Prove that there doesn't exist any positive integer $n$ such that $7 \mid (2^n+1)$.

My Approach:

For $n=1$, it is clear that $7 \not\mid 3$. We suppose that $7 \mid (2^n+1)$ for every positive integer $n>1$.

Note that $2^n \equiv -1 \equiv 6 $ (mod $7$ ) ,i.e., $2^{n-1}\equiv 3$ (mod $7$) since $gcd(2,7)=1$. Now there are two possibilities. If $n-1=1$, then we get a contradiction since $2\equiv3$ (mod $7$) is not true. If $n-1>1$, then ,by our supposition , $2^{n-1}\equiv -1$ (mod $7$). By combining above, we get $-1\equiv 3$ (mod $7$) which is absurd & again we get a contradiction.

So there doesn't exist any positive integer $n$ such that $7 \mid (2^n+1)$.

The above proof doesn't seem right to me. Please anyone tell me about the correctness of my proof.

  • $\begingroup$ I think you've been wanting to construct a proof by induction. What such a proof needs is: assume $7 \not\mid 2^i+1$ for $i<n$; then you need to prove $7 \not\mid 2^n+1$. However, I don't offhand see how to make it work. Your mistake, I think, is an incorrect induction assumption, namely that $7 \mid 2^i+1$ for $i<n$. $\endgroup$ – ForgotALot Apr 28 '17 at 4:13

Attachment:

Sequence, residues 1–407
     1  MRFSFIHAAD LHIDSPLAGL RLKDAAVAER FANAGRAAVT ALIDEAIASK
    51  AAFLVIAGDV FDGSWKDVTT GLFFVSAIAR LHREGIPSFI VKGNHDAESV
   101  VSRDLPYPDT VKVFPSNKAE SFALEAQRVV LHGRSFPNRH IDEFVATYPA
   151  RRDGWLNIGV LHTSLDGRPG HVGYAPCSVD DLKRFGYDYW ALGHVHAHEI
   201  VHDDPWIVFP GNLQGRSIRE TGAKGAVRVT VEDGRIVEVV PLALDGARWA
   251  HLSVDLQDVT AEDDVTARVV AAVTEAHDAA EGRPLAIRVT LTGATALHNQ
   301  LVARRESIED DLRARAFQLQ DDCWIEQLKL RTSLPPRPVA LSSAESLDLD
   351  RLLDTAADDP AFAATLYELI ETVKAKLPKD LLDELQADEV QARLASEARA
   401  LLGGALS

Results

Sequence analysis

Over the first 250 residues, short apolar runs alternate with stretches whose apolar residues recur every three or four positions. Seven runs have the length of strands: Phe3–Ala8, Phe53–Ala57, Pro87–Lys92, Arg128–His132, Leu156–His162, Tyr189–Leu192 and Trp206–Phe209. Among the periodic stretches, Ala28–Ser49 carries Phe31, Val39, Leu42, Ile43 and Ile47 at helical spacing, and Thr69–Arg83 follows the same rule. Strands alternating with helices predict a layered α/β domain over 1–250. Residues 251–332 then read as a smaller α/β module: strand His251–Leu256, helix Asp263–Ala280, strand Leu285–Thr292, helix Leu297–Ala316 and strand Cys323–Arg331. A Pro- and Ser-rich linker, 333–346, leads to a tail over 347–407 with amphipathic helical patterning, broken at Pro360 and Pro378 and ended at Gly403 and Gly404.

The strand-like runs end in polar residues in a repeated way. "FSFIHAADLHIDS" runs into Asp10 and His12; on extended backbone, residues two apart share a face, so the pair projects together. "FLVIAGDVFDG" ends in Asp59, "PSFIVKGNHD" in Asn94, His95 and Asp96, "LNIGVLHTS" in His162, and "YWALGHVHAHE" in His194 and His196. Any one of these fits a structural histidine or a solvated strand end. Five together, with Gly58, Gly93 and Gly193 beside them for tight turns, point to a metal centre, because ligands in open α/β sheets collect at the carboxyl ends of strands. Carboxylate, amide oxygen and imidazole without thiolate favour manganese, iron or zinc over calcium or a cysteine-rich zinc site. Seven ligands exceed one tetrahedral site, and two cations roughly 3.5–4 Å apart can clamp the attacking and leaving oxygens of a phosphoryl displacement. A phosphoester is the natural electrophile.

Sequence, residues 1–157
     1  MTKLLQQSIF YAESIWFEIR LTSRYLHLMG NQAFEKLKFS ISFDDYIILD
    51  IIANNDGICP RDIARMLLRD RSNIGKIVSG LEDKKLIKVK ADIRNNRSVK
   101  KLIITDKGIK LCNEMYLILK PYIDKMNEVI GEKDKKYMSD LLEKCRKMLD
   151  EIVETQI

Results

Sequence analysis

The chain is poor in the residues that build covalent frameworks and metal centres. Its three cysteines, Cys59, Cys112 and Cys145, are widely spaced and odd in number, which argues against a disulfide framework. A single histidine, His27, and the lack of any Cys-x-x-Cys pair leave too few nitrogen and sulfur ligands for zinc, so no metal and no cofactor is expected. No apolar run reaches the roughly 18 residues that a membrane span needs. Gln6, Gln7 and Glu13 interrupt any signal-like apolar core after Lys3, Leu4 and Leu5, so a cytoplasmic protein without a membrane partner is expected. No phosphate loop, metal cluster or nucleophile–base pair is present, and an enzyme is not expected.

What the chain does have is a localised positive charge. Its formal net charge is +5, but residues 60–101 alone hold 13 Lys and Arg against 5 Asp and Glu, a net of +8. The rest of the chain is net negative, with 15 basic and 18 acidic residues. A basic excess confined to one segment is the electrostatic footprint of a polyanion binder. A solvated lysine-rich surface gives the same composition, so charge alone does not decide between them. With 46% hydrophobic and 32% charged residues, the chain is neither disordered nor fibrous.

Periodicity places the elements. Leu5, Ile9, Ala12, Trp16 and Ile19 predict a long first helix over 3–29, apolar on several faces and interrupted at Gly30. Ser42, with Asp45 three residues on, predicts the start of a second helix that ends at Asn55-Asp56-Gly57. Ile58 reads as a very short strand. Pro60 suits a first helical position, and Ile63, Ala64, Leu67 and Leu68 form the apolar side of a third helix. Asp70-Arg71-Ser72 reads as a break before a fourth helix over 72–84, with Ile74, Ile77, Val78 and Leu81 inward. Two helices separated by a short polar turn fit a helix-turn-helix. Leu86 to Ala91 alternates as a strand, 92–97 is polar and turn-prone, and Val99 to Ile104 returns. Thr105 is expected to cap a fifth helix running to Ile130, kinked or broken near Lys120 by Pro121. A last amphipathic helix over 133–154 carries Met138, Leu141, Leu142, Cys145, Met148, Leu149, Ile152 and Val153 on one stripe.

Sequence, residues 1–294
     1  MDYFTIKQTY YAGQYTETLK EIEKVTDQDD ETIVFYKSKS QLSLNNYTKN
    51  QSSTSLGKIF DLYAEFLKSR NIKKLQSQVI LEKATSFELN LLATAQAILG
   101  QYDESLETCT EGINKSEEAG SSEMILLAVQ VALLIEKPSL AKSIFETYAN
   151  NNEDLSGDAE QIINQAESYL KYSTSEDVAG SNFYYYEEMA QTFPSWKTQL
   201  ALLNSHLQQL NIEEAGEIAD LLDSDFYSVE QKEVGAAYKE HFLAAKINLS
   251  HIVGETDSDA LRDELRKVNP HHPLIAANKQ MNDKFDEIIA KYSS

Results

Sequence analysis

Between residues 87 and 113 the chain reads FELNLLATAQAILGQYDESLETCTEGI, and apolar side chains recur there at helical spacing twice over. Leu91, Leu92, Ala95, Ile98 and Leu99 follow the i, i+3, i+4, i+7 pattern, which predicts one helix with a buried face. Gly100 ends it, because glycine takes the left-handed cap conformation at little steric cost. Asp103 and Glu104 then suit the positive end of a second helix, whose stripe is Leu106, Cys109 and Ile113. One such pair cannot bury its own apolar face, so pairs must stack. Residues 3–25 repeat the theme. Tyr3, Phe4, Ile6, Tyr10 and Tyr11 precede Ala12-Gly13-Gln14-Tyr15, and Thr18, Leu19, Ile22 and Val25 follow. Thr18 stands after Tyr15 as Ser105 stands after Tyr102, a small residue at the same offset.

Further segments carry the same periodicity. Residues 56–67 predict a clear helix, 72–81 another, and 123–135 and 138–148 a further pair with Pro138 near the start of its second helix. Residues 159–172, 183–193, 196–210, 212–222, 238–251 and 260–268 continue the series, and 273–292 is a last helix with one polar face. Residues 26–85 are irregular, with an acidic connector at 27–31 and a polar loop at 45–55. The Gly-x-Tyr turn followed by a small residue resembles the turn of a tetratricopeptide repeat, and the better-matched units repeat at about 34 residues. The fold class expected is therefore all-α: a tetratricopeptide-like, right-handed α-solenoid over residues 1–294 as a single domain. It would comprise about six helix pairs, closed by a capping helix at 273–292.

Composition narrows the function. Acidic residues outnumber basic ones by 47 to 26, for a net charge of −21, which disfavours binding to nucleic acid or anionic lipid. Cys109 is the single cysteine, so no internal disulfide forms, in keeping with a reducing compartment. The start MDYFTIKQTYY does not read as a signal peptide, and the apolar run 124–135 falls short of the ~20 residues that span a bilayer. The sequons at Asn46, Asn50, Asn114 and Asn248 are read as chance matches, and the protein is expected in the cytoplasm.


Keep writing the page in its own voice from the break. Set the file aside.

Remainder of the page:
Your proof is a bit hard to follow. Consider this proof.

$2^0 \equiv 1$ mod 7 ==> $2^0+1 \equiv 2$ mod 7

$2^1 \equiv 2$ mod 7 ==> $2^1+1 \equiv 3$ mod 7

$2^2 \equiv 4$ mod 7 ==> $2^2+1 \equiv 5$ mod 7

$2^3 \equiv 8 \equiv 1$ mod 7. ==> $2^3+1 \equiv 2$ mod 7

Because the powers of 2 modulo 7 are cyclic with period 3, and none of the numbers in the period divide 7, there cannot be an $n$ such that $7|2^n+1$.


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